Laudrup appeals to Platini over Mallorca ban
"Real Mallorca will not sit on its hands after the confirmation of this injustice," the Balearic Islands club, who are in administration, said on their website.
The club added they will wait for full details of UEFA's decision, which was published on the European governing body's website on Friday, before lodging a new appeal with CAS.
Switzerland-based CAS is an independent institution which tries to settle sports-related disputes through arbitration or mediation.
Mallorca, part-owned by tennis world number one and island native Rafa Nadal, finished fifth in La Liga last campaign and qualified for the Europa League, the continent's second-tier club competition.
However, financial difficulties had forced them into voluntary administration earlier in the year and UEFA ruled last week they could not take up their place in the competition.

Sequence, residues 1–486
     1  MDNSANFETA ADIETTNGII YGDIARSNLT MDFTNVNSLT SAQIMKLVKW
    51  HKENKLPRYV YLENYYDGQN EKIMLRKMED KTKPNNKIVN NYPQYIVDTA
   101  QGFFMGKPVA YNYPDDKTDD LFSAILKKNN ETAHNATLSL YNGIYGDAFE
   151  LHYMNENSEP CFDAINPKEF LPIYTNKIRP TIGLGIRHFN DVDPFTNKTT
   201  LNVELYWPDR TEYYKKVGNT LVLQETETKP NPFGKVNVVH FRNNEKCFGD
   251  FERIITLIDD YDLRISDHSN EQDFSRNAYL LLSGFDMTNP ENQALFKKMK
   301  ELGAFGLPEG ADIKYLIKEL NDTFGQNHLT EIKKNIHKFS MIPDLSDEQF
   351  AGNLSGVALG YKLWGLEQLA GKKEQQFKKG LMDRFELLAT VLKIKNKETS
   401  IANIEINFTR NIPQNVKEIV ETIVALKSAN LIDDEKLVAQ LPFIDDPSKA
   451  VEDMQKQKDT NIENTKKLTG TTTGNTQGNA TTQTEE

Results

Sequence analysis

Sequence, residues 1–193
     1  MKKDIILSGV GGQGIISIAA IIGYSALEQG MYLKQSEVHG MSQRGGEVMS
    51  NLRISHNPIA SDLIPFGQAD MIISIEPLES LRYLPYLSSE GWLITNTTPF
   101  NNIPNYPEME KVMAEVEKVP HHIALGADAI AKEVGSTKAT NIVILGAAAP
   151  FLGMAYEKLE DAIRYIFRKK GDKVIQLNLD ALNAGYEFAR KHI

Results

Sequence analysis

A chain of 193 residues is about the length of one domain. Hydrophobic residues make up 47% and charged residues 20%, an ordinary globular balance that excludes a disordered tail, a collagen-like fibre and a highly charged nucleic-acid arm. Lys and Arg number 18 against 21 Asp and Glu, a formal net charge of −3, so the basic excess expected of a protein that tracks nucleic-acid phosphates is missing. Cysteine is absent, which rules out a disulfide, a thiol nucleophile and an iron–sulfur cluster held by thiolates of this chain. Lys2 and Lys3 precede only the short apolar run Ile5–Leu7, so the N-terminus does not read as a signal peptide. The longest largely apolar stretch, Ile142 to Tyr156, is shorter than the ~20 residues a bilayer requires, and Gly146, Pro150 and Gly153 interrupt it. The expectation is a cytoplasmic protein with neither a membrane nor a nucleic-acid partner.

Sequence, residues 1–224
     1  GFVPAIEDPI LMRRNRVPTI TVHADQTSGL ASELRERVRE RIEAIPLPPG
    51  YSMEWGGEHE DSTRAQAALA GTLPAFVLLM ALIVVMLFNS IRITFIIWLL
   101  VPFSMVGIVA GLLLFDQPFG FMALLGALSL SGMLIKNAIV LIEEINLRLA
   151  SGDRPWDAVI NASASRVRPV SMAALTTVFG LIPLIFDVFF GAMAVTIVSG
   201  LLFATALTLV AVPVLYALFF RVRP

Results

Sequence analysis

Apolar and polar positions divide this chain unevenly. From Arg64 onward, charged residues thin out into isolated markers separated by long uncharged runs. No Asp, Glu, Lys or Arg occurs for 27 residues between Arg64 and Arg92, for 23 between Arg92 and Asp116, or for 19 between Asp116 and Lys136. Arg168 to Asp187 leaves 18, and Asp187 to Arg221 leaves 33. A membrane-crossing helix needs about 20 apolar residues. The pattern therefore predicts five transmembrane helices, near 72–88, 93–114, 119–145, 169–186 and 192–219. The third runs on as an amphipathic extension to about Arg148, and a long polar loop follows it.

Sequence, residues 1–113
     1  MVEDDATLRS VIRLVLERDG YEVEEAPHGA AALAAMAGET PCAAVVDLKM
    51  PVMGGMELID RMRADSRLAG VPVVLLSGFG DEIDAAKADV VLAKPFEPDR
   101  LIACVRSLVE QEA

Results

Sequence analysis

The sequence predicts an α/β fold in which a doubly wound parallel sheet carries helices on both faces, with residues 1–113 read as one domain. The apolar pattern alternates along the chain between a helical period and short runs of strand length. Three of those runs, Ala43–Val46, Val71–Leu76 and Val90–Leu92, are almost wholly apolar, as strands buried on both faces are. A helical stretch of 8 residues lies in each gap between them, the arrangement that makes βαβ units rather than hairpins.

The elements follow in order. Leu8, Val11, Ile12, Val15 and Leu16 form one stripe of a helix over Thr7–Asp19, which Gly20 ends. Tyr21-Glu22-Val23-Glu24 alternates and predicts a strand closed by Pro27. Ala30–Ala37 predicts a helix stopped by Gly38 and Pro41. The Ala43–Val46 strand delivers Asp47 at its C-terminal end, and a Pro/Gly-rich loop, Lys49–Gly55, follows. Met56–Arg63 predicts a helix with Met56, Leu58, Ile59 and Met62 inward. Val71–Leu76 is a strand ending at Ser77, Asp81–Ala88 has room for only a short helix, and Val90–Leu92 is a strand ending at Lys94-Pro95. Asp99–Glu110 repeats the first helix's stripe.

Their licence had not been correctly awarded and the club "did not sufficiently fulfil its financial obligations", UEFA said in a statement on Friday justifying the rejection of the initial appeal.
Mallorca's place in the Europa League has provisionally been taken by Villarreal.
Nadal became a shareholder in the club this month and his uncle, former football professional Miguel Angel Nadal, is new coach Michael Laudrup's assistant.